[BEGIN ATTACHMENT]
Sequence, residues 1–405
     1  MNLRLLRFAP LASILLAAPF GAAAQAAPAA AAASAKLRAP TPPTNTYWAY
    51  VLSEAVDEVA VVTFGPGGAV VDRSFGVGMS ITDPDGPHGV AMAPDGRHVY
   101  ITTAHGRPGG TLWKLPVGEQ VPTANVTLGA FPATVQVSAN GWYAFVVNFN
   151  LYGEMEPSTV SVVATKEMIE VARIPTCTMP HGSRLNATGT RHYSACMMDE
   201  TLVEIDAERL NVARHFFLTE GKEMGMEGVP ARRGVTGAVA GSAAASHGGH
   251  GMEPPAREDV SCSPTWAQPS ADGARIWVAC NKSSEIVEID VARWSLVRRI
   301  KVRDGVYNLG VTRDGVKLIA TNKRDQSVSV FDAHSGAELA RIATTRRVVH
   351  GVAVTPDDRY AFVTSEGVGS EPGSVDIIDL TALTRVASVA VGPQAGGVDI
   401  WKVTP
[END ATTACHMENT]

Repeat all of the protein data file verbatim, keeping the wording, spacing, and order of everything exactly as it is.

Sequence, residues 1–405
     1  MNLRLLRFAP LASILLAAPF GAAAQAAPAA AAASAKLRAP TPPTNTYWAY
    51  VLSEAVDEVA VVTFGPGGAV VDRSFGVGMS ITDPDGPHGV AMAPDGRHVY
   101  ITTAHGRPGG TLWKLPVGEQ VPTANVTLGA FPATVQVSAN GWYAFVVNFN
   151  LYGEMEPSTV SVVATKEMIE VARIPTCTMP HGSRLNATGT RHYSACMMDE
   201  TLVEIDAERL NVARHFFLTE GKEMGMEGVP ARRGVTGAVA GSAAASHGGH
   251  GMEPPAREDV SCSPTWAQPS ADGARIWVAC NKSSEIVEID VARWSLVRRI
   301  KVRDGVYNLG VTRDGVKLIA TNKRDQSVSV FDAHSGAELA RIATTRRVVH
   351  GVAVTPDDRY AFVTSEGVGS EPGSVDIIDL TALTRVASVA VGPQAGGVDI
   401  WKVTP